Another CNN analyst, Fareed Zakaria, assured us that “this is a huge, devastating blow to al-Qaeda, which had already been crippled by the Arab Spring. It is not an exaggeration to say that this is the end of al-Qaeda in any meaningful sense of the word.”
In retrospect, surely all these assertions and assurances have proven to be immensely puerile—even for “mainstream media analysts.” The only significant development following the killing of bin Laden was the birth, spread, and subsequent hegemony of the Islamic State in Iraq and Syria (“ISIS”)—an organization that made al-Qaeda pale in comparison when it came to savagery and atrocities.
To recap, for years, Americans were repeatedly told that al-Qaeda was suffering “devastating blows”; that the killing of individual jihadis were “major watersheds in the war”; that “the end of the war on terror” occurred in 2011, when bin Laden died (“it’s time to move on,” counseled Peter Bergen); and “that the future of Iraq will not be shaped by those who would seek to destroy that country,” according to Biden.
Yet, lo and behold: an Islamic State, a caliphate engaged in the worst atrocities of the twenty-first century, was born—despite the deaths of individual jihadi leaders, including the notorious bin Laden.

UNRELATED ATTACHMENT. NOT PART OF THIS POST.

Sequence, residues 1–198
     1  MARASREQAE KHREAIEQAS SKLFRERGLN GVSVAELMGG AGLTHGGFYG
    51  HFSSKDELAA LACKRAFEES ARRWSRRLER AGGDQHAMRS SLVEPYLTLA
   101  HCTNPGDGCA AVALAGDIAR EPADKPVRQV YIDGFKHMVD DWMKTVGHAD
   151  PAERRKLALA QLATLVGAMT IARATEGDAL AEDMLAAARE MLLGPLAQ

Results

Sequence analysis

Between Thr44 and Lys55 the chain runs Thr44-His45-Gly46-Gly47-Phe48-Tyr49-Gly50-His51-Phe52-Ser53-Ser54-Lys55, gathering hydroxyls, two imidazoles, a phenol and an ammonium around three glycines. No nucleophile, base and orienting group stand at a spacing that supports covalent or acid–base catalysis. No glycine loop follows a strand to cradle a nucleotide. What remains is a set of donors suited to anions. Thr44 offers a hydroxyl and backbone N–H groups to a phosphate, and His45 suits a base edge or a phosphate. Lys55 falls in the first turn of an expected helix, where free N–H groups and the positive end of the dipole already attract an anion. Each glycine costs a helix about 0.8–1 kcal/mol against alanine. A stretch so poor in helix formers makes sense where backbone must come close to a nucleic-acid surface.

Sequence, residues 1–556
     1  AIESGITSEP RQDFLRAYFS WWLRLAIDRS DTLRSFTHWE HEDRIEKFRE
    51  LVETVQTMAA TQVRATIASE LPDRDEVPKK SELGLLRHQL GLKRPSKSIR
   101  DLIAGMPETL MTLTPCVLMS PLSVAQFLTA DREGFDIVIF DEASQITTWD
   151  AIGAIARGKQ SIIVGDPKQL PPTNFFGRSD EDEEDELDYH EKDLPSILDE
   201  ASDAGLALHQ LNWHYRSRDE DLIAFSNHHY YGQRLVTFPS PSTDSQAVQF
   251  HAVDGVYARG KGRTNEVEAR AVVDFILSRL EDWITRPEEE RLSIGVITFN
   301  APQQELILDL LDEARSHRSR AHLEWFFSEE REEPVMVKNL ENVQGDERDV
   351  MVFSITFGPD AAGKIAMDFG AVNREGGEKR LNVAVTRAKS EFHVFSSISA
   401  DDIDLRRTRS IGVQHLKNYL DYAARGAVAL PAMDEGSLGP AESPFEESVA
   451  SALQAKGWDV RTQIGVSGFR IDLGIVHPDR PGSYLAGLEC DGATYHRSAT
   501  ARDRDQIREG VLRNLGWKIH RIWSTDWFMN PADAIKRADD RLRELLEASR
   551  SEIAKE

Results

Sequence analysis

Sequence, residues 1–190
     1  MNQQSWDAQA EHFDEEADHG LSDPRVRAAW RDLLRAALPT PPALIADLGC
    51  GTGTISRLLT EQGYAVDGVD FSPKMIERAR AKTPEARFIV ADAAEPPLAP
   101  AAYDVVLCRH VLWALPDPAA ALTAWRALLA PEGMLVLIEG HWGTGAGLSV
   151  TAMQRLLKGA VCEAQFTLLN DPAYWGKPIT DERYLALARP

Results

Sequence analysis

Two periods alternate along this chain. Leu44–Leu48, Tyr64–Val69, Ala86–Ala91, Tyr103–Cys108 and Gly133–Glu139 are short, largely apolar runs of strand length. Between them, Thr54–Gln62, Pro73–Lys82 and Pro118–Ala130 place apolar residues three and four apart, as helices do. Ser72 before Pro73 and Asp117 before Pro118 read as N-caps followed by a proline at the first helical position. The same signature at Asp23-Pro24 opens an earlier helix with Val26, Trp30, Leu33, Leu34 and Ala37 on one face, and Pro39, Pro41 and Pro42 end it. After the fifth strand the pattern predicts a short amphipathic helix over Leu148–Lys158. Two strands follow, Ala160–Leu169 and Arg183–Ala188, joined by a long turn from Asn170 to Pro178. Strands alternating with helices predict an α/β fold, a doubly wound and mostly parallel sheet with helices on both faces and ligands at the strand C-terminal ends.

In light of this, should one expect the jihad to disappear now that al-Zawahiri is dead? Joe Biden seems to still harbor such hopes. During his recent victory speech, and after opening with a typical contradiction—“You know, al-Zawahiri was bin Laden’s leader. He was with him all the — the whole time. He was his number-two man—the U.S. president said: “He [Zawahiri] will never again—never again allow Afghanistan to become a terrorist safe haven because he is gone.” Newsflash: with or without al-Zawahiri, Afghanistan has been and continues to be a “terrorist safe haven.”
When it comes to the significance of the killing of this or that jihadi leader, the most accurate prediction I have ever read—one that has proven too true—comes not from U.S. politicians, “experts,” or media. It comes, rather ironically, from Ayman al-Zawahiri himself. Asked in a 2005 interview about the status of bin Laden and the Taliban’s Mullah Omar, he confidently replied:
Jihad in the path of Allah is greater than any individual or organization. It is a struggle between Truth and Falsehood, until Allah Almighty inherits the earth and those who live in it. Mullah Muhammad Omar and Sheikh Osama bin Laden—may Allah protect them from all evil—are merely two soldiers of Islam in the journey of jihad, while the struggle between Truth [Islam] and Falsehood [non-Islam] transcends time (The Al Qaeda Reader, p.182, emphasis added).
And there it sadly is: jihad “transcends time” and is not predicated on this or that leader. Muslim warlords, ideologues, emirs, sultans, caliphs—even the prophet of Islam himself—have come and gone for nearly 1,400 years, but the jihad continues.
From here we return to my aforementioned Hercules/Hydra analogy of 2006: While the West continues to lop off “monster heads,” most recently al-Zawahiri, it must also comprehend that to achieve true and lasting victory over Islamic terrorism, nothing less than cauterizing those Muslim doctrines/ideologies that give birth to jihadis will ever do.